Sexual assault stories have dominated the news recently, and we have received many questions about defending others against sexual assault and rape. We reached out to Independent Program Attorney Ed Riley to get the answers to your legal questions on defending a third party against rape and sexual assault.
Ed Riley: Hi, Ed Riley, U.S. LawShield Independent Program Attorney for Virginia. When can you defend a loved one. The Virginia Defense of Others Law answers that question.
In Virginia, the defense of others is an affirmative offense just like self-defense. What that means is you can defend a loved one or a stranger if they come under attack. Now, the amount of force used must be reasonable and must not be excessive considering the situation. And the amount of force used can include deadly force depending on the circumstance. Deadly force is justified when you believe the other person is not at fault, and they are in imminent danger of significant harm of death and it is reasonable under the circumstances.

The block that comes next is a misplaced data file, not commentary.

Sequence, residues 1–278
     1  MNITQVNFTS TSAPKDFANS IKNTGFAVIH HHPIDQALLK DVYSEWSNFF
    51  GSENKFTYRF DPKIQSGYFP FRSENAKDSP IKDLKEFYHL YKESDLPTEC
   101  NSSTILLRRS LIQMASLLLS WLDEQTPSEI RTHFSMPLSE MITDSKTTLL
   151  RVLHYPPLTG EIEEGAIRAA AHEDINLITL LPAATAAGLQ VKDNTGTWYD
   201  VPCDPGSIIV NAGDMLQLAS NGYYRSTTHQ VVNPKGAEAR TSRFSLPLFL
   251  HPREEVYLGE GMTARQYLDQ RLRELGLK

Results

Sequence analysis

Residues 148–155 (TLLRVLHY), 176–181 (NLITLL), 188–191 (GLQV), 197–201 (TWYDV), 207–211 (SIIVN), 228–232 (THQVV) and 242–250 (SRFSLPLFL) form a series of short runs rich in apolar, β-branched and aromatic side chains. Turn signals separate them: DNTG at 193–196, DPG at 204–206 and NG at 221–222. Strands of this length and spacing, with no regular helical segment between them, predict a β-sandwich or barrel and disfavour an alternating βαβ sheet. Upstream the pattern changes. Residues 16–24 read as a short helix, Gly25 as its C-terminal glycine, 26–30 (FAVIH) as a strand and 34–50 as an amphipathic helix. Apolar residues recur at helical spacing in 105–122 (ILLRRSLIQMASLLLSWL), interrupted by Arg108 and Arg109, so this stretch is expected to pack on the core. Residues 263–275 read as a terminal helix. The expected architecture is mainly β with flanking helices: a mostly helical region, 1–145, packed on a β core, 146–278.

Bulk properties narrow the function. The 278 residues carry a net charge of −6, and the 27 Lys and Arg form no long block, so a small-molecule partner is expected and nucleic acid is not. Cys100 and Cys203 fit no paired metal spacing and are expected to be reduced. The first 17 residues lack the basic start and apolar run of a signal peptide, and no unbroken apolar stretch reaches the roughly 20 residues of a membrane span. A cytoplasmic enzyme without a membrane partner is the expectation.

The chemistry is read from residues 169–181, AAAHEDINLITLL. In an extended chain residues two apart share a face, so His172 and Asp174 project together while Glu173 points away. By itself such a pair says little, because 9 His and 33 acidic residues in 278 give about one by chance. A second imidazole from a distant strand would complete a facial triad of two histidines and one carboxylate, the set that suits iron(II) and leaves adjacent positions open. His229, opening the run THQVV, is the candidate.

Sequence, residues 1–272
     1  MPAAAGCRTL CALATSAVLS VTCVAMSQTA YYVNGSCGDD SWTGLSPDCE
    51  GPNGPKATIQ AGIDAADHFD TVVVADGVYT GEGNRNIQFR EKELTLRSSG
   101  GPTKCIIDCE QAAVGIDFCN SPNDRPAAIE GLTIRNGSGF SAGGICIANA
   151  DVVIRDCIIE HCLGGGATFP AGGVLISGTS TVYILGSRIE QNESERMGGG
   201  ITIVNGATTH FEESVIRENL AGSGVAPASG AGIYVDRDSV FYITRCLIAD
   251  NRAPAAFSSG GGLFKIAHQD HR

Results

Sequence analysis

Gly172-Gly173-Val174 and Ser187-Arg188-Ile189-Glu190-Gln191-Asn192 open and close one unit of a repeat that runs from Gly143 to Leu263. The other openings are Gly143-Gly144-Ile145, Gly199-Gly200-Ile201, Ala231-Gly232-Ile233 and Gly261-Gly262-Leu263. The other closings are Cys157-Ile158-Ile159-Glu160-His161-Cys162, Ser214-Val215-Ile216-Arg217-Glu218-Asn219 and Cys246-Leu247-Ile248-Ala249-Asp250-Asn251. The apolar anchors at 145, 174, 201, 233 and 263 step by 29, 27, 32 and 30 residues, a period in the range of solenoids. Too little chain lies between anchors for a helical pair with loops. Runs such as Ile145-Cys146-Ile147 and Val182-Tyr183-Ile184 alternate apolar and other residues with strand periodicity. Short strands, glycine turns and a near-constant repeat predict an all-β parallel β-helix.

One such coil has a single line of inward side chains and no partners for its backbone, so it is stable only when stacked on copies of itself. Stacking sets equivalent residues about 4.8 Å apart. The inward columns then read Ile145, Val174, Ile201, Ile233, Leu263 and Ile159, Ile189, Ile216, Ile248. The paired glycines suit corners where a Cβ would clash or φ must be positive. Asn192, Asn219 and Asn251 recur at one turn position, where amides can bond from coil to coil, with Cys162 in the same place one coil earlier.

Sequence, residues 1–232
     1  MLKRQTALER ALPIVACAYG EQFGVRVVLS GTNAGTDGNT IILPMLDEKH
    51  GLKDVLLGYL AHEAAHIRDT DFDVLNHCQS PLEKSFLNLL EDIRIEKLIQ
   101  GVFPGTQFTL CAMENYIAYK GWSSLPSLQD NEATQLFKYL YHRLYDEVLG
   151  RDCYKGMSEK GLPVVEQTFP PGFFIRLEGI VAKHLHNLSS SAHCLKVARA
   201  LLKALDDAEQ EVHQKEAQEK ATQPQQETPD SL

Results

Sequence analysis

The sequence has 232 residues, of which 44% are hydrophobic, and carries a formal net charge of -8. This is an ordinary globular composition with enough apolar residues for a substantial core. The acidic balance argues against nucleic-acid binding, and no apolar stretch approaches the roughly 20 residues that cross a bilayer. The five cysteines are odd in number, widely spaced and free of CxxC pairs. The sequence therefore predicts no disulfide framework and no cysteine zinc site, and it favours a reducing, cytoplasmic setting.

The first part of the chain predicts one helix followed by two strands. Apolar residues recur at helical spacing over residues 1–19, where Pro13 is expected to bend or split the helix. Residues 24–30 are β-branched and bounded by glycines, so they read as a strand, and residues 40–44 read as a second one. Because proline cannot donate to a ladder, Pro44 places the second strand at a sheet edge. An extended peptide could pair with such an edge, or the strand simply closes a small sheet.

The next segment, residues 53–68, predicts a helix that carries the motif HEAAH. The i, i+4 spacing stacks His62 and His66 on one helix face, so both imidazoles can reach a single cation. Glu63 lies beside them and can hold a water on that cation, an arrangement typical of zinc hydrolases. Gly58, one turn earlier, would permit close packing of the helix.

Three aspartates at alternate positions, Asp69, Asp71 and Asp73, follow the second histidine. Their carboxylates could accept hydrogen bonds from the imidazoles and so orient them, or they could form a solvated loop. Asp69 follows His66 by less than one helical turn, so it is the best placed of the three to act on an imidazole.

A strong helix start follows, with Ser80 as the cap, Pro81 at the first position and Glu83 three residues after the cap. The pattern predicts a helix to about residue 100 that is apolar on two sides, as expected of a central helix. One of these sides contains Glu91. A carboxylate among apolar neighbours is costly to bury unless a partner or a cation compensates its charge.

However, if you believe the person in danger was at fault but that they have retreated sufficiently enough and are still in imminent danger of great bodily harm or death then deadly force is still lawful to be used.
The policy of this law is to come to the aid of others who are under attack, whether they are a loved one or stranger.